With two children under three years old, and no family for nearly a thousand miles in any direction to help care for them, the odds of seeing my wife or me in our restaurant much later than happy hour are usually slim to none. Nonetheless, around 9:30 p.m. on Monday, March 16, I found myself shuffling down 7th Street in Glenwood, headed to Slope & Hatch. The overall energy of the cantina/eatery had been understandably “off” as of late.
The previous week was stressful; everyone knew Spring Break was underperforming. All Colorado ski resorts had just recently been ordered to close, and while I knew I didn’t have much to offer as far as advice or knowledge about how we would proceed, the least I could do to help temper my restaurant family’s apprehension was to show up, pour a few margaritas, and let what remained of my staff after closing on an unusually quiet Monday evening vent their concerns to a fresh pair of ears. After all, they had earned it, and everyone was nervous. States and cities on both coasts and in between had imposed varying degrees of social restrictions, the news was pretty scary out of Asia and Europe, sanitizer and toilet paper were flying off the shelves. Trying to balance the fear of a new, enigmatic virus, along with what is traditionally peak Spring Break season, had left everyone’s heads spinning.
It wasn’t until I glanced over my shoulder and spotted the sign on a neighboring restaurant’s door that I realized Spring Break had definitely flatlined. While my wife, Alex, and I had spent the last few hours preparing and serving dinner, cleaning and wrestling our two small boys into their beds for the night, Governor Polis had finally issued an order that all restaurants stop “dine-in” service for the next 30 days. The optimist in me thought 30 days wouldn’t be so bad (albeit less than ideal timing), while the realist knew, deep down, it was going to be longer—and that we could be in big, big trouble.
With the absence of the traditional Spring Break cash influx, it would be problematic to weather the next couple of months. One of the multitudes of economic and societal flaws this pandemic has put on public display, is how glaringly tight profit margins are in the restaurant world. So for us, even coming off a wonderful summer, an above-average fall, and a perfectly nice holiday season in 2019, losing Spring Break 2020 meant that money was tight.
Despite all the uncertainty, we did at least understand where our priorities should lay. After all, since our restaurant’s inception, with our crew at our side, we have weathered economic downturns, crippling construction projects, natural disasters, and an array of massive equipment and infrastructure failures. All of which seemed devastating at their respective times. But none of which were even a drop in the proverbial bucket compared to what was coming with Covid-19.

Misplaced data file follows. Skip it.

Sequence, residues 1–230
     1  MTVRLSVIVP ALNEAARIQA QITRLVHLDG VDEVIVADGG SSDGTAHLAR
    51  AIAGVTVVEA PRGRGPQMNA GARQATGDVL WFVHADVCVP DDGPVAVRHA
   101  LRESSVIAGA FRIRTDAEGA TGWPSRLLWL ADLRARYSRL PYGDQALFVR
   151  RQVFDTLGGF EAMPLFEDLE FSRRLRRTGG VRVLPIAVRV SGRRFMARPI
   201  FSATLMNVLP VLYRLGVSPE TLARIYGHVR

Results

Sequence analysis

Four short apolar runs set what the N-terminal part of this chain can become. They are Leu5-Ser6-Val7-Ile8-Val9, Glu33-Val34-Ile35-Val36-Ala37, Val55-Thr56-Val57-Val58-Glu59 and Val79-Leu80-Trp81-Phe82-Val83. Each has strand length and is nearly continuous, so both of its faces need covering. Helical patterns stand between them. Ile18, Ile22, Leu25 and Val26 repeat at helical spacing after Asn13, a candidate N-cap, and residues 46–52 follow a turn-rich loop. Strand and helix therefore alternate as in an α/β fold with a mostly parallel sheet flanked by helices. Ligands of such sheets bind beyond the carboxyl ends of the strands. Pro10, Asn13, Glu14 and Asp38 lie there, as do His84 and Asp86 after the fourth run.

Our crew had always shown us great empathy and patience. The least we could do was reciprocate, and do our best to keep them safe, informed, and reassured that together we would get through this. Somehow.
If we wanted to ensure we could safely open the doors again by Memorial Day—the giant travel weekend which generally marks the kick-off to the summer season when town overflows with tourists—we would have to crunch numbers based off the limited information we had, in combination with our “best guess” forecasts of how much business we could generate in a town that was virtually empty. It didn’t take long to decide.
To safeguard the nominal amount of cash we had in our reserves while also attempting to keep our employees as safe as possible, we decided there was only one approach that would work. We had to get everyone paid, discuss plans with our vendors and loan officers, and promptly close down and apply for whatever loans/grants were available.
In all, we were closed for around a month. But all was not lost. With enough funds in the bank (loaned/granted through the Federal Paycheck Protection Program) to make a sluggish month or two less terrifying, our staff showed up—generous unemployment checks be damned. And my wife’s heart, as well as my own, melted.
Everything has been a struggle since March. But even in the shadow of a growing pandemic, it has become apparent that our little business has done a few things right. Namely, our employees. Without them, our restaurant couldn’t have survived the seemingly never-ending obstacles the universe has thrown our way this year. I have always believed that the key to any successful business begins and ends with not only a great concept, but with kind, conscientious, and patient employees.
As we approach our seventh anniversary at Slope & Hatch this autumn, my wife and I can take solace that together, along with our quirky little restaurant family, we will at least not be alone. We will be here. Our crew will be here. Not because anyone is getting rich, or because anything about this industry is easy. The pandemic has taught us that we’ll be here because we love what we do, we love our guests, our food, our town, and maybe, when we get a few seconds to catch our breath, we can even learn to love whatever lies ahead.
Derek Bray is a native of Alpena, MI who graduated with a B.A. in English with specializations in Film and Political Science from Michigan State University in 2004. He hated every office job thereafter and decided cooking was the only thing that kept him sane.